Using Cognitive Neuroscience to Examine the Brain Basis of Pre-Reading Skills in Kindergarten Children and Subtypes of Risk for Dyslexia: Toward MRI and EEG Prediction of Reading Outcomes.
Abstract: Each child must build a reading brain by developing accuracy and
speed in the multiple cognitive and linguistic processes required for reading, as well as
the ability to integrate these processes for efficient comprehension. A weakness in any
component of the brain's "reading circuit" can cause dyslexia, defined as an unexpected
difficulty learning to read. In order to prevent the ... read morenegative consequences of dyslexia, it
is important to identify reading difficulties early and accurately. Decades of behavioral
research have examined which measures predict later reading outcomes, yet even when the
most widely-used and well-designed assessment measures are combined, behavioral models are
unable to predict reading outcomes with sufficient accuracy. Findings from behavioral
studies, however, converge on three major predictors: phonological awareness (PA), letter
knowledge (LK), and rapid automatized naming (RAN). Recently, brain imaging methods
including magnetic resonance imaging (MRI) and electroencephalography (EEG) have shown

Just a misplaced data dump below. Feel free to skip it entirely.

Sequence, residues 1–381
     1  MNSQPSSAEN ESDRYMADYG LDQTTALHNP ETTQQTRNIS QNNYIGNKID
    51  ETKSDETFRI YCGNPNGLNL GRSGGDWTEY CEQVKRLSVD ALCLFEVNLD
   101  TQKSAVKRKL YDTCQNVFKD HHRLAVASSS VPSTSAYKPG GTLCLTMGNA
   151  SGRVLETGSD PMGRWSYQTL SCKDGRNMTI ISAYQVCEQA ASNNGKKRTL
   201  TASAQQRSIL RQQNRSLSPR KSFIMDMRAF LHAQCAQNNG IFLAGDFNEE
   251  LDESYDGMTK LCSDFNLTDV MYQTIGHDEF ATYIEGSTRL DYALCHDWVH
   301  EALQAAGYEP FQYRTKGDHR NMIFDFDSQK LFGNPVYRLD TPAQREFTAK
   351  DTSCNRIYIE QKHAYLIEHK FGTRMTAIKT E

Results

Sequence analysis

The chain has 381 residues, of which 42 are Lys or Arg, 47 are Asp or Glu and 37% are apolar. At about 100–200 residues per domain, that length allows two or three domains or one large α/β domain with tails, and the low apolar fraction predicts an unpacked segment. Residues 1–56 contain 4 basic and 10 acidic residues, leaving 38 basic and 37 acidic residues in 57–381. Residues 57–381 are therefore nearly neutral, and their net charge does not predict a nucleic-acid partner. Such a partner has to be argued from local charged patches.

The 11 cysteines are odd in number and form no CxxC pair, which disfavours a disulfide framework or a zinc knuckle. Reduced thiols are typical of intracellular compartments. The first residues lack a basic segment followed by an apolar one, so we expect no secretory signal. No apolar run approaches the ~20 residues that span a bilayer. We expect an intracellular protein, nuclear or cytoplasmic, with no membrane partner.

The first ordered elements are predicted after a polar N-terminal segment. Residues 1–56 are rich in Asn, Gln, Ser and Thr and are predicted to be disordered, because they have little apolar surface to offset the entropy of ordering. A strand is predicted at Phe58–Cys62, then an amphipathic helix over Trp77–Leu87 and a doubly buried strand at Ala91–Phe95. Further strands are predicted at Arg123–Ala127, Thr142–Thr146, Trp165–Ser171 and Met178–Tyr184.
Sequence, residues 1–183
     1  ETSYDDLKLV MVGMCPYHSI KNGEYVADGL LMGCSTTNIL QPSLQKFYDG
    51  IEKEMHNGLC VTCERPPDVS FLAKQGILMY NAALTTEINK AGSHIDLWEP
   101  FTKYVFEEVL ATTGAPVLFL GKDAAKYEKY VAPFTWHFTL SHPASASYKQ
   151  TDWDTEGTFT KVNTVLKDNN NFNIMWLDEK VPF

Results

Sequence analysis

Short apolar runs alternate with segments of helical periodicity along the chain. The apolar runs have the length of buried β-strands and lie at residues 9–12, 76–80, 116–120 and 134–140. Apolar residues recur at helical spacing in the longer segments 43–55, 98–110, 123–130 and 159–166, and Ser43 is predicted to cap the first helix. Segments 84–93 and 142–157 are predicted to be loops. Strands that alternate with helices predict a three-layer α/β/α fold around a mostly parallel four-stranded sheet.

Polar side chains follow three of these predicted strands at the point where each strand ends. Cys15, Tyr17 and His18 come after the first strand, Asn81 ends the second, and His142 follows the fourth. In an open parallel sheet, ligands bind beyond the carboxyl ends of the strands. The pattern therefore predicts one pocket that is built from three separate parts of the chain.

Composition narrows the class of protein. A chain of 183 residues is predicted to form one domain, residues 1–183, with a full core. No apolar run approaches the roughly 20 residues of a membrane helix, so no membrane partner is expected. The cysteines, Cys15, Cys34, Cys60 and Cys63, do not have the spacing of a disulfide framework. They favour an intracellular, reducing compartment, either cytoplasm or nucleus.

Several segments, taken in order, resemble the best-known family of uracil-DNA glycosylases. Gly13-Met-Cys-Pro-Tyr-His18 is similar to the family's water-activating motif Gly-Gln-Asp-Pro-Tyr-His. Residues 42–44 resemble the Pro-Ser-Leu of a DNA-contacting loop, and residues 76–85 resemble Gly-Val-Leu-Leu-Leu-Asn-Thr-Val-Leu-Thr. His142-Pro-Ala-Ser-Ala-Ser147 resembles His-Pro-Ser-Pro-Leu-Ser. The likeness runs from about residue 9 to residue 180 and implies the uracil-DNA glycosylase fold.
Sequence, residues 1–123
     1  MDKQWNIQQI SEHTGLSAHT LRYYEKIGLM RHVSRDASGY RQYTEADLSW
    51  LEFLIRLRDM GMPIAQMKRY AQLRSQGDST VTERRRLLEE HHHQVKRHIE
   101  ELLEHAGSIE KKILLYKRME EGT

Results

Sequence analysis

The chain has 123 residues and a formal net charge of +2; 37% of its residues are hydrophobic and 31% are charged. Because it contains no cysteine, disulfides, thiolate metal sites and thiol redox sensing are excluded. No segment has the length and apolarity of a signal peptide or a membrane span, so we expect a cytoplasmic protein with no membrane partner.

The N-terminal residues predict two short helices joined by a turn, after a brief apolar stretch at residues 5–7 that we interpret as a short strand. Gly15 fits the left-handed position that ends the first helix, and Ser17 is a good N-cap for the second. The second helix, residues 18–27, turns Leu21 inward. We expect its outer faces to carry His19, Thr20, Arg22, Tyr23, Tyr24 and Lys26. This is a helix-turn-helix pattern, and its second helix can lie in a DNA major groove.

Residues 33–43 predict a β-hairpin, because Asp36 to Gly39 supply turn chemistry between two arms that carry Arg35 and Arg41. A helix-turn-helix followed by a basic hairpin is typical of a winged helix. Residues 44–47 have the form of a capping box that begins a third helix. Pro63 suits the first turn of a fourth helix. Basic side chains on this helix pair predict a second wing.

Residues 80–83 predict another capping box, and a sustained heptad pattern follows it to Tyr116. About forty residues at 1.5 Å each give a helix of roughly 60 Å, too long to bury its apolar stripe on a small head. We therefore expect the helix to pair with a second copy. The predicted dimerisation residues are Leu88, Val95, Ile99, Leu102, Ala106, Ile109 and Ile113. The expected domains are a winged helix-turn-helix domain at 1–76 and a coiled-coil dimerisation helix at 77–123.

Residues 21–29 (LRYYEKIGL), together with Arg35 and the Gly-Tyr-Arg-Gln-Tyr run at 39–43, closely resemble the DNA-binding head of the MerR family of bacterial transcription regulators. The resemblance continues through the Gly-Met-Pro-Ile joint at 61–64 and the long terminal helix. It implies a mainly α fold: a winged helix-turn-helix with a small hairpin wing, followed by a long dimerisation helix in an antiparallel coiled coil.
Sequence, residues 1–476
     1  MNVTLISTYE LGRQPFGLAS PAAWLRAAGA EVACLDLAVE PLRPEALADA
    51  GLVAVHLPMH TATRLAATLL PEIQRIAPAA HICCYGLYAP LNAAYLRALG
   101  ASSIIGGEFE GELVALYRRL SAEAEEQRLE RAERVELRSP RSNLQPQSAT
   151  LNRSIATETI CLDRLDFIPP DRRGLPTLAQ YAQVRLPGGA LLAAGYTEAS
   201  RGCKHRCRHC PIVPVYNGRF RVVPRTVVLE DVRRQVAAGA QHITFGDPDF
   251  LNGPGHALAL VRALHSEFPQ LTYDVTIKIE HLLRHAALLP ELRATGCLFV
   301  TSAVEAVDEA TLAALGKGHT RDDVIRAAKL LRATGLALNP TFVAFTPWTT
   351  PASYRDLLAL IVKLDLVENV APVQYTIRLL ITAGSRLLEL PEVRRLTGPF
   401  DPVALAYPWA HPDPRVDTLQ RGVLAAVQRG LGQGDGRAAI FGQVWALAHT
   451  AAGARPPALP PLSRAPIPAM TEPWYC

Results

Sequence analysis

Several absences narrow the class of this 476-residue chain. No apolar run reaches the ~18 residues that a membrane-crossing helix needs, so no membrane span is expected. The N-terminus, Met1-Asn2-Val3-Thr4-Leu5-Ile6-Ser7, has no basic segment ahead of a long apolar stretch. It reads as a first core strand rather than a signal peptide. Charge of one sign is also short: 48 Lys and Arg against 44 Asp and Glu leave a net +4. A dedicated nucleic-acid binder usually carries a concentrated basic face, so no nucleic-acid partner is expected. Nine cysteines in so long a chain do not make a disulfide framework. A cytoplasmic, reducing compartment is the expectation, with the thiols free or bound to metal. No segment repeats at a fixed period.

substantial accuracy in predicting reading outcomes. This study used fMRI and EEG brain
imaging with 43 kindergarten children to examine the neural correlates of PA, LK, and
automaticity. Results revealed differentiated patterns of brain activation for kindergarten
children with and without risk for dyslexia as measured by PA, LK, and RAN scores. These
patterns of brain activation have the potential to help identify which children will have
dyslexia before they struggle with learning to read, and to identify which types of
intervention could most effectively be used with individual children.
Thesis (Ph.D.)--Tufts University, 2012.
Submitted to the Dept. of Child Development.
Advisor: Maryanne Wolf.
Committee: Martha Pott, Marianna Eddy, and Nadine Gaab.
Keywords: Developmental psychology, and Psychobiology.read less